Sunday 26 March 2017

Judge directs jury to clear welfare officer of coercion in sex act case

Judge Keenan Johnson at Sligo Circuit Court directed the jury to return a verdict of not guilty of coercion after ruling that the prosecution had not established that the complainant had been intimidated. Stock photo
Judge Keenan Johnson at Sligo Circuit Court directed the jury to return a verdict of not guilty of coercion after ruling that the prosecution had not established that the complainant had been intimidated. Stock photo

Marese McDonagh

A 48-year-old Department of Social Protection official has been found not guilty of coercion after being accused of asking a woman for oral sex in return for avoiding a fraud prosecution.

Judge Keenan Johnson at Sligo Circuit Court directed the jury to return a verdict of not guilty of coercion after ruling that the prosecution had not established that the complainant had been intimidated.

He stressed that he was making no determination on the truthfulness of either the accused, Andrew Gilmartin of Drumfad, Grange, Co Sligo, or the complainant, Martha Rooney of Colleary Drive, Sligo.

She had alleged that the defendant asked her for oral sex in return for her not being prosecuted for fraud during an interview at the social welfare offices in Sligo on April 9, 2014.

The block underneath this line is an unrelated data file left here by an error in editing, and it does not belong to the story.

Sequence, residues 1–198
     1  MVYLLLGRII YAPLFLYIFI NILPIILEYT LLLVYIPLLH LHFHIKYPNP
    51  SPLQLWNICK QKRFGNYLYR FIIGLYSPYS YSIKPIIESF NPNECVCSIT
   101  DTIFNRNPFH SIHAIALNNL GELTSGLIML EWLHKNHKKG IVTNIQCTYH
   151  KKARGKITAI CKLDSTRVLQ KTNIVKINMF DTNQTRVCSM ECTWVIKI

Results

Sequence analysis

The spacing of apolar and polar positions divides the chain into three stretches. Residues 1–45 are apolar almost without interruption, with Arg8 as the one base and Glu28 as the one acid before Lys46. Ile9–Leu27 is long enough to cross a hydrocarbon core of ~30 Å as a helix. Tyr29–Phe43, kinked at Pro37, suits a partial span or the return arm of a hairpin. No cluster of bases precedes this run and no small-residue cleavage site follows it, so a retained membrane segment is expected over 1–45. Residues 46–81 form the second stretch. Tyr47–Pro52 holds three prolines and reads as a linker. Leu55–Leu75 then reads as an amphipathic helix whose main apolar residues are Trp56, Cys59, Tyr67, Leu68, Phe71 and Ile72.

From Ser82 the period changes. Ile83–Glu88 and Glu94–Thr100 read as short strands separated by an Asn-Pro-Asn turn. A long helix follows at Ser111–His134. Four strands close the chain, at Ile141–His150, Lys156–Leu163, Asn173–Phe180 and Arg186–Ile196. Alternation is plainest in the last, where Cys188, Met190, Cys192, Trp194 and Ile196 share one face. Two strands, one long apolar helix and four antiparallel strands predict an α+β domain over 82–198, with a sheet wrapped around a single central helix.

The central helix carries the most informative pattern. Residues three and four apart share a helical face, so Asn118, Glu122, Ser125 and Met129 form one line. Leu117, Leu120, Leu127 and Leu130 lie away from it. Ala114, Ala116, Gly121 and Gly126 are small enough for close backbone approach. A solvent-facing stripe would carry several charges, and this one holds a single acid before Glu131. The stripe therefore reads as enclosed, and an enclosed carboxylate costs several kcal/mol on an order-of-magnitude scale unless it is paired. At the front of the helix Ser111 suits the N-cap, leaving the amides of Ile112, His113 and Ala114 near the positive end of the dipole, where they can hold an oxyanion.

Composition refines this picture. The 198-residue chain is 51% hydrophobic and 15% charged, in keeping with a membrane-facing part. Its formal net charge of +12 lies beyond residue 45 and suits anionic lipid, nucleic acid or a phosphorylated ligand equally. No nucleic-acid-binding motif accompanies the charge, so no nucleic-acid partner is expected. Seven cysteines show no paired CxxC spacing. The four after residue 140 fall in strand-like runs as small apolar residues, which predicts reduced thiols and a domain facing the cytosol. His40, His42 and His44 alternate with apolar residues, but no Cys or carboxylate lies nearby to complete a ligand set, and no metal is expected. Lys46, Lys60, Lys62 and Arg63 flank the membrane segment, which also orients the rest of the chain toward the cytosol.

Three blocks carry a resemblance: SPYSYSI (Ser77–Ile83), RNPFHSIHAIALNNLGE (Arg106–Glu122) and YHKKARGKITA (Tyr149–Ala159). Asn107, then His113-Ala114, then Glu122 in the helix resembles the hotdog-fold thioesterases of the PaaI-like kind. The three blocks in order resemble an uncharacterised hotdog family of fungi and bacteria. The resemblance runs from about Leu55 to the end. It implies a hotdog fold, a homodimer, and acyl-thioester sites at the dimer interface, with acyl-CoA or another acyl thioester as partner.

Ms Rooney wept as Judge Johnson delivered his ruling.

Mr Gilmartin said he would be making no comment as he left the courthouse. He was charged with intimidating Ms Rooney with a view to compelling her to do an act which she had a lawful right to abstain from doing.

Judge Johnson told the jury that the prosecution had to prove that there was intimidation of the complainant by Mr Gilmartin.

"I am satisfied that she was distressed and upset but there is no evidence that she was frightened or overawed," Judge Johnson said.

Interview

He noted that Ms Rooney had the presence of mind to unlock the interview room door, and to tell Mr Gilmartin that she had taped the interview, even though she had not.

He said these were "hardly the actions of a person who was frightened or overawed".

Ms Rooney had told the court that she attended the social welfare offices after getting a letter from the authorities about the fact that she had been working while claiming lone parent's allowance.

She said the accused became angry after she admitted she was also attending the National Learning Network, and had asked her what she would do for him.

The defendant, who admitted using bad language and being "unprofessional", denied that he said this.

Judge Johnson said that given Ms Rooney's evidence that she had been "economical with the truth" when filling up her lone parent's allowance form and given the absence of corroboration, a jury could not but have a reasonable doubt and would therefore have to return a not-guilty verdict.

"In making that determination I want to make it abundantly clear that I am not making any findings in relation to the veracity of either the complainant Ms Rooney or the accused Mr Gilmartin," said Judge Johnson. "I am merely undertaking my judicial function which is to interpret the law."

The judge added that there had been other avenues open to Ms Rooney, who could have made a complaint to the department but had not.

Irish Independent

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